50th Anniversary of the TIROS Satellite
acquired April 1, 1960

It is almost inconceivable to imagine a weather forecast without a satellite view of clouds sweeping across the globe, but in the spring of 1960, the view from space was a ground-breaking novelty. The first satellite designed to observe clouds was TIROS-1, or the Television InfraRed Observation Satellite, and it launched on April 1, 1960. The satellite carried two tiny television cameras, each weighing about two pounds. One camera captured a wide view of the Earth about 450 miles below, while the other recorded a narrower, more detailed view.

TIROS-1 orbited from pole to pole, snapping photos every 30 seconds, as illustrated in this series of images. The images were stored on tape recorders on the satellite until TIROS-1 came into range of data stations in Fort Monmouth, New Jersey, or Kaena Point, Hawaii. The first of the images, labeled “frame 2,” shows the Red Sea. The water is black, and vegetated land on either side is also dark-colored. The deserts of the Arabian Peninsula on the east and the Sahara Desert of Africa on the west are light gray. The brightest features in the image are clouds.

When TIROS-1 acquired frame 3 thirty seconds later, the satellite had moved northwest. By frame 6, the Nile River has become the focus of the image, though its distinctive triangular delta is partially covered with cloud. In the last frame, the shore of Egypt and Libya runs along the lower portion of the image, while the focus is on clouds over the Mediterranean Sea.

TIROS-1 captured these photos during its 44th of 1,392 orbits made between April 1 and June 18, 1960. During its short three-month lifetime, the satellite took 23,000 images of Earth. The TIROS program provided the first accurate weather forecasts based on data from space, demonstrating that it was possible to use satellites to observe weather. The satellite has a long legacy. TIROS-1 led to nine more TIROS satellites, seven Nimbus-series meteorological research satellites, 14 Geostationary Operational Environmental Satellites, 19 NOAA Polar Orbiting Satellites, and many more meteorological satellites maintained by the Department of Defense and other nations. Together, these weather satellites have provided 50 years of improved weather forecasts.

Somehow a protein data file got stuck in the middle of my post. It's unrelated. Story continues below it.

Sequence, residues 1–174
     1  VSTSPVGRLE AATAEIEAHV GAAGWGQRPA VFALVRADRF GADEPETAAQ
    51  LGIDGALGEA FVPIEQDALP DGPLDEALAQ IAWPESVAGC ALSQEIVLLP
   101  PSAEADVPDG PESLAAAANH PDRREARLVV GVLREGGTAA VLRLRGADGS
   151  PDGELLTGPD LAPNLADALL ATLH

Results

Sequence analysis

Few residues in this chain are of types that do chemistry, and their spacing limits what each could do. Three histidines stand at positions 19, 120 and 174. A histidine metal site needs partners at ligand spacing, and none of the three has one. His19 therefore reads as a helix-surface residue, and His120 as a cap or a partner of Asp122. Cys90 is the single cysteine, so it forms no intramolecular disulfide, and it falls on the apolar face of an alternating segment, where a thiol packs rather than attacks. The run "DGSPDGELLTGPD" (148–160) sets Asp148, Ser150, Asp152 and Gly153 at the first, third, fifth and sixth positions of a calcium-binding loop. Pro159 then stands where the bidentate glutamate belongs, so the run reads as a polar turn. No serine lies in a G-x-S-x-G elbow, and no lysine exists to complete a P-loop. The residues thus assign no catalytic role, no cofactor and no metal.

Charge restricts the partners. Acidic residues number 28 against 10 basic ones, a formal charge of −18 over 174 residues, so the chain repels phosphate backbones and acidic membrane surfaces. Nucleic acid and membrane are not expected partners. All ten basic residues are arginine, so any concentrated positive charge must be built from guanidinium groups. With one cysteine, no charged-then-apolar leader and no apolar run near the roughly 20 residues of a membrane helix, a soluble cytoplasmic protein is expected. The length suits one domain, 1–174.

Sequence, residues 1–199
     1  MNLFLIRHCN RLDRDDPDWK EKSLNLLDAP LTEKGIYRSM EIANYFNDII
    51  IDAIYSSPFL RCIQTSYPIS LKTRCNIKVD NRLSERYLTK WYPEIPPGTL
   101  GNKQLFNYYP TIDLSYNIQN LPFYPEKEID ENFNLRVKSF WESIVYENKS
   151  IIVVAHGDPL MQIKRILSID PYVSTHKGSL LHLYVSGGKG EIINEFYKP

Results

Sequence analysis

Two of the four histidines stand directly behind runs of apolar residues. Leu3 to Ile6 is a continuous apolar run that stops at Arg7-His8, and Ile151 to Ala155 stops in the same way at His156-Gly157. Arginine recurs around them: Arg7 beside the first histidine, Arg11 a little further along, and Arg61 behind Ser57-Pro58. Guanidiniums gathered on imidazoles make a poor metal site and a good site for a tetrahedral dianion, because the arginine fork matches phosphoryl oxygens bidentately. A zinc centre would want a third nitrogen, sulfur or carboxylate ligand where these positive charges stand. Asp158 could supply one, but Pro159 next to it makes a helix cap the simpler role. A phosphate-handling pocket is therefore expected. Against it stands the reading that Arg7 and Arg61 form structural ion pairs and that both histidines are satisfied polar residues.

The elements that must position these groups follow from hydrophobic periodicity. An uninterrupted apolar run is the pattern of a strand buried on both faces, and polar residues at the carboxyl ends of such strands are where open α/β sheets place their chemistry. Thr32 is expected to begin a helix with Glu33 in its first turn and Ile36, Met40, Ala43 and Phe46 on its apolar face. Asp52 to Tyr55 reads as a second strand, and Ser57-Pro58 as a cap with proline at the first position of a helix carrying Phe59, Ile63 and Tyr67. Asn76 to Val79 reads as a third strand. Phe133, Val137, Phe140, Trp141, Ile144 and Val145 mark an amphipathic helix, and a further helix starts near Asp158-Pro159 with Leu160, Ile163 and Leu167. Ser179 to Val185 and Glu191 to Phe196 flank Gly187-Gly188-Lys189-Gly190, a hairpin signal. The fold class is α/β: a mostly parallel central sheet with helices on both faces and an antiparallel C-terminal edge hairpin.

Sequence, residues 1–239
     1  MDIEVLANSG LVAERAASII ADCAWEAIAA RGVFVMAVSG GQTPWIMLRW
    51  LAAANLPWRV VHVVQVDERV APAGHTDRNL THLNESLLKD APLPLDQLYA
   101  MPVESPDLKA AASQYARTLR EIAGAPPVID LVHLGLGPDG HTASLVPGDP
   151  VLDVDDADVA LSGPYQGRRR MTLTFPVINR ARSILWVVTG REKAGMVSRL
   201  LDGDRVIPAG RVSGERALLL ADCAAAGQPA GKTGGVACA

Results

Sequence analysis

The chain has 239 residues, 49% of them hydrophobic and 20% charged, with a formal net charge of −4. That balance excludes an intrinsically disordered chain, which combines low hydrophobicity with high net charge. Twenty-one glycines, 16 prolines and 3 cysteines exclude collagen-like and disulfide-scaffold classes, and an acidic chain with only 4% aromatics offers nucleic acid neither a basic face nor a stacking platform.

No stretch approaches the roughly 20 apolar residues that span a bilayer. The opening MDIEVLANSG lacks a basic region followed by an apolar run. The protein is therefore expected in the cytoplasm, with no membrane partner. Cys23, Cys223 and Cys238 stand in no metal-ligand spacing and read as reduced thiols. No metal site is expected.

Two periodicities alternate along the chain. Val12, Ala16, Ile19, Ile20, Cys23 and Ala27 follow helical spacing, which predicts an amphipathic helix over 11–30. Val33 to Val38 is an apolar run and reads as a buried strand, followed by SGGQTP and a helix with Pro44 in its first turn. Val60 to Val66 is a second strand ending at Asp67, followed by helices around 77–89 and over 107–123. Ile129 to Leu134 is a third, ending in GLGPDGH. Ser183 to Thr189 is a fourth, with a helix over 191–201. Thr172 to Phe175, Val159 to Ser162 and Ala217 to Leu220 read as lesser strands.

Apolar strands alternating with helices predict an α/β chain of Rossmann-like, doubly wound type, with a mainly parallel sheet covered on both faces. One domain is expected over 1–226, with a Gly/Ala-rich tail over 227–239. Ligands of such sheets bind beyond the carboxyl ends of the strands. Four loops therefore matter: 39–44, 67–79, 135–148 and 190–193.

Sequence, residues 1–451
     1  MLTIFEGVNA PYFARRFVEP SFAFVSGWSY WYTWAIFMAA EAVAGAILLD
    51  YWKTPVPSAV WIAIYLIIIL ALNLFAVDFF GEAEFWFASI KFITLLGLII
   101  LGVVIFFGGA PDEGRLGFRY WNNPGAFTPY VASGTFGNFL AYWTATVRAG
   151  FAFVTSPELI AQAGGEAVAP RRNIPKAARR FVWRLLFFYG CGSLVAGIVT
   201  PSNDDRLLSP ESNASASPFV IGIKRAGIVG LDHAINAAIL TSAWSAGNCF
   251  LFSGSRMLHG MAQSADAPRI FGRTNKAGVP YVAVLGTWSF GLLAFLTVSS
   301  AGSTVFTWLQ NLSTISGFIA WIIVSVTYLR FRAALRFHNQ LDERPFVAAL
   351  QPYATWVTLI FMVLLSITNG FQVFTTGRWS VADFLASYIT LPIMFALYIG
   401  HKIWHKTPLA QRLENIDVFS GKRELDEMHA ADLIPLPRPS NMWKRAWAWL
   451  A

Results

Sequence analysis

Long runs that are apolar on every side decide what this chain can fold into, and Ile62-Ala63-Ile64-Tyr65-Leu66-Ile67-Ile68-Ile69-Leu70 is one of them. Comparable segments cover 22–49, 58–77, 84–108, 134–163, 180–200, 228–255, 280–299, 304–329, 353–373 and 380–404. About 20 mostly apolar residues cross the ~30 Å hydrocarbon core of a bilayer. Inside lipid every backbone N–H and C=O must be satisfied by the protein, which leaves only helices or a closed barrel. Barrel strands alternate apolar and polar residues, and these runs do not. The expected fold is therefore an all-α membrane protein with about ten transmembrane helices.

1. References

  2. Goddard Library. (2010, April 10). 50th Anniversary of the TIROS 1 Launch: Resources at the Goddard Library. NASA. Accessed April 2, 2010.
  3. Stroud, W.G. (1960, August). Our Earth as a Satellite Sees It. National Geographic, 293-302.

NASA images from Television InfraRed Observation Satellite (TIROS 1) Meteorological Satellite Photographic Atlas: Photography from TIROS 1, Launched April 1, 1960. NASA Goddard Space Flight Center. Caption by Holli Riebeek.


50th Anniversary of the TIROS Satellite

April 3, 2010
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